It’s somewhat true that none of us wants to think about our parents engaging in sex, which may account for this young man’s aversion to the thought. But according to sex therapist Dr. Ruth Westheimer, men and women can be sexually active well into their 70s, 80s and even 90s.
According to Westheimer, “Many people enjoy the best sex of their lives after 50 — more passionate, more thrilling and even more satisfying sex for many reasons.
“For example, many women in this age group are postmenopausal and don’t have to worry about becoming pregnant. Then, too, the kids have grown up and moved out, removing any fears the parents may have had about having sex with the kids in the house. And with approaching retirement comes more time for sex.”
The main point of the book, she adds, is to “kick boredom out of the bedroom. There are times when routine is all right, say when you are too tired for anything else. But why not venture out of your normal patterns once in a while? Why not move from the bedroom to the living room?
“Or if you usually have sex at night, make love in the morning. Eat dinner in the nude. Play strip ‘Trivial Pursuit.’ Be inventive.”
Westheimer says she had another reason for writing this book: “I’m getting older. I’m now 77, and starting to think what haven’t I really talked about yet. I am a widow, and I do see lots of widows. I lost my own husband about eight years ago, and I decided I wanted to say something about what women and men both can do if they’ve lost or no longer have a sexual partner, including a chapter on solo sex.
“Oh, I know it sounds a little risqué but, after all, that’s Dr. Ruth. People should never give up on pleasure — no matter what!”
‘Old-Fashioned and Square’?!
Born in Germany in 1928, Westheimer was sent to a school in Switzerland at the age of 10. The educational institution became an orphanage for most of the German Jewish students sent there to escape the Holocaust. At 16 she went to Israel, where she fought for the country’s independence as a member of the Haganah. She then moved to Paris, where she studied psychology at the Sorbonne and taught kindergarten.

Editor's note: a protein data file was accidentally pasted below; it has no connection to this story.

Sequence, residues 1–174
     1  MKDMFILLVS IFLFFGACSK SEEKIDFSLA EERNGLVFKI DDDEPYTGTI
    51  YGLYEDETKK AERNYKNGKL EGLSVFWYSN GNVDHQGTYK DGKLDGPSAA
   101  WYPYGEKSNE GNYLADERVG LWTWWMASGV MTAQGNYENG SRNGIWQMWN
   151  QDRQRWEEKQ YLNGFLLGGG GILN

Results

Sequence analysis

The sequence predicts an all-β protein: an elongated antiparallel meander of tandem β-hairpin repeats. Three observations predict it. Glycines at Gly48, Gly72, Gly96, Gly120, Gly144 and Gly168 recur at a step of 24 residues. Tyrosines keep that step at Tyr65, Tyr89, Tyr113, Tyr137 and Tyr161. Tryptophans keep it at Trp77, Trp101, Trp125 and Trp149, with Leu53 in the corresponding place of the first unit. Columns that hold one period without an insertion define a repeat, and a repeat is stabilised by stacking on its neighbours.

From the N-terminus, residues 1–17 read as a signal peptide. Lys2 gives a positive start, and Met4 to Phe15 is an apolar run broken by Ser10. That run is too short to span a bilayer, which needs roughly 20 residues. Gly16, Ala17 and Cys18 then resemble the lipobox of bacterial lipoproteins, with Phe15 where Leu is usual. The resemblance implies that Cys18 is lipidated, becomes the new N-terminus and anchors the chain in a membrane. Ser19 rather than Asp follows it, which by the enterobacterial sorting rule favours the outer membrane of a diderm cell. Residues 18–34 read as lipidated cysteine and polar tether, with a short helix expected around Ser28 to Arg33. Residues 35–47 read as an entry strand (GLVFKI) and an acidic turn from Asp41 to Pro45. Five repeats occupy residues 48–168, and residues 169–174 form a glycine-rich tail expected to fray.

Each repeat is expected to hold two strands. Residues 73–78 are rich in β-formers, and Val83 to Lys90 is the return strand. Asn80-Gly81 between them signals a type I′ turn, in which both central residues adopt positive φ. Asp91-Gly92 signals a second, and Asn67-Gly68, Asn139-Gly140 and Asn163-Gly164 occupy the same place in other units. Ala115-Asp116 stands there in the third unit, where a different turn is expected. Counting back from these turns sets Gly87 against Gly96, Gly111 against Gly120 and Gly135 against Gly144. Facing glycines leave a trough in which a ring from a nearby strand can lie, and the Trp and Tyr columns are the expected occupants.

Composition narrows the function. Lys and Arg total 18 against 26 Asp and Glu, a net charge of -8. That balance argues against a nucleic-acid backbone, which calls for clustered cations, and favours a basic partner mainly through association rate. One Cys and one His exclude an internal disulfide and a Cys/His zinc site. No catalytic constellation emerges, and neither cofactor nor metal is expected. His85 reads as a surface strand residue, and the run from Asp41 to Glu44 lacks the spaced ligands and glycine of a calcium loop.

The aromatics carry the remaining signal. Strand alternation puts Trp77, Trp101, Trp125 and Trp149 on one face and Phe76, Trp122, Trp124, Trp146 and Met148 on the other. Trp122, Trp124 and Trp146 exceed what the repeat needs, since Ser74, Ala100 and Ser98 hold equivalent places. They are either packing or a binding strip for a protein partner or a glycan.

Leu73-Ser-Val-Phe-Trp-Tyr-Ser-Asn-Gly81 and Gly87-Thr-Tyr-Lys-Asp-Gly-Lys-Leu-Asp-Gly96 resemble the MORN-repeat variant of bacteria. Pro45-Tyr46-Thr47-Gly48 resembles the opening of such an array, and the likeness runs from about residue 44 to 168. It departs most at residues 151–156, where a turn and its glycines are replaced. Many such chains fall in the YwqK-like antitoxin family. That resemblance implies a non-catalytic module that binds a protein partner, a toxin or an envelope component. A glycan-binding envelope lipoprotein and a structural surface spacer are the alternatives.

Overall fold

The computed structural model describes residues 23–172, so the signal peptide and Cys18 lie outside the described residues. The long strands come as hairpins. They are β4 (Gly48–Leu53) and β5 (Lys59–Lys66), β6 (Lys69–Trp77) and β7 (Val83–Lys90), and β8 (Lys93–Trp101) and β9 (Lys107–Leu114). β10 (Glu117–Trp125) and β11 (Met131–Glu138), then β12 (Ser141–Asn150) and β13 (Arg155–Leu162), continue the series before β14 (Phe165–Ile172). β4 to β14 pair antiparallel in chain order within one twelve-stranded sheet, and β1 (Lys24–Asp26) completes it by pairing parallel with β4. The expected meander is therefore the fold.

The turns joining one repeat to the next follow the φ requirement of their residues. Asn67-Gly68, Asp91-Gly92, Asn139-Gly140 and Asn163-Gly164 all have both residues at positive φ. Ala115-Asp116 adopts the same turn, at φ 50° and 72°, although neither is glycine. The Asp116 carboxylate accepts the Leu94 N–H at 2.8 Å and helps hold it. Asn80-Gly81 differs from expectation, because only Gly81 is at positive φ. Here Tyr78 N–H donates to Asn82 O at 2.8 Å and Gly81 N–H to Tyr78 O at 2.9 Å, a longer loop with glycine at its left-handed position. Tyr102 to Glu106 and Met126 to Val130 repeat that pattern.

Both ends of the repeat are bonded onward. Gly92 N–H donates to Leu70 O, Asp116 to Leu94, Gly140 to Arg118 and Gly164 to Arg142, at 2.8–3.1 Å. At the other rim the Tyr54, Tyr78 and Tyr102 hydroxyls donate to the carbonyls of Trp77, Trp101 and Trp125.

In 1956 she immigrated to the United States, and subsequently obtained a master’s degree in sociology from the Graduate Faculty of the New School for Social Research, and then a doctorate of education in interdisciplinary study of the family from Columbia University Teacher’s College.
She worked for a time for Planned Parenthood, and it was that experience that prompted her to further her education in human sexuality by studying under Dr. Helen Singer Kaplan at New York Hospital-Cornell University Medical Center.
Today, Westheimer is known throughout the world, and her expertise is spread on television, books, newspapers, games, home video and more.
Yet this charming little lady who looks more like someone’s grandmother than a sex maven describes herself as “old-fashioned and square. I know people might not believe that, but that’s the truth. I do speak very explicitly about sex because I believe sexuality has to be taught explicitly.”
Just back from five weeks in Israel, Westheimer was amused when a newspaper writer in Tel Aviv wrote a headline after an interview with her proclaiming “Size Does Matter.”
“And that’s absolutely true!” she says with a chuckle. “Here I’m a German Jew; my accent has not changed one bit. And I’m only 4’7” tall. I haven’t shrunk because I can’t shrink, otherwise, you’re not going to see me anymore, just hear me.
“So I like it when others use humor as I use humor, because in the Talmud it says, ‘A lesson taught with humor is a lesson retained.’ So I hope everyone retains the lessons I try to teach.”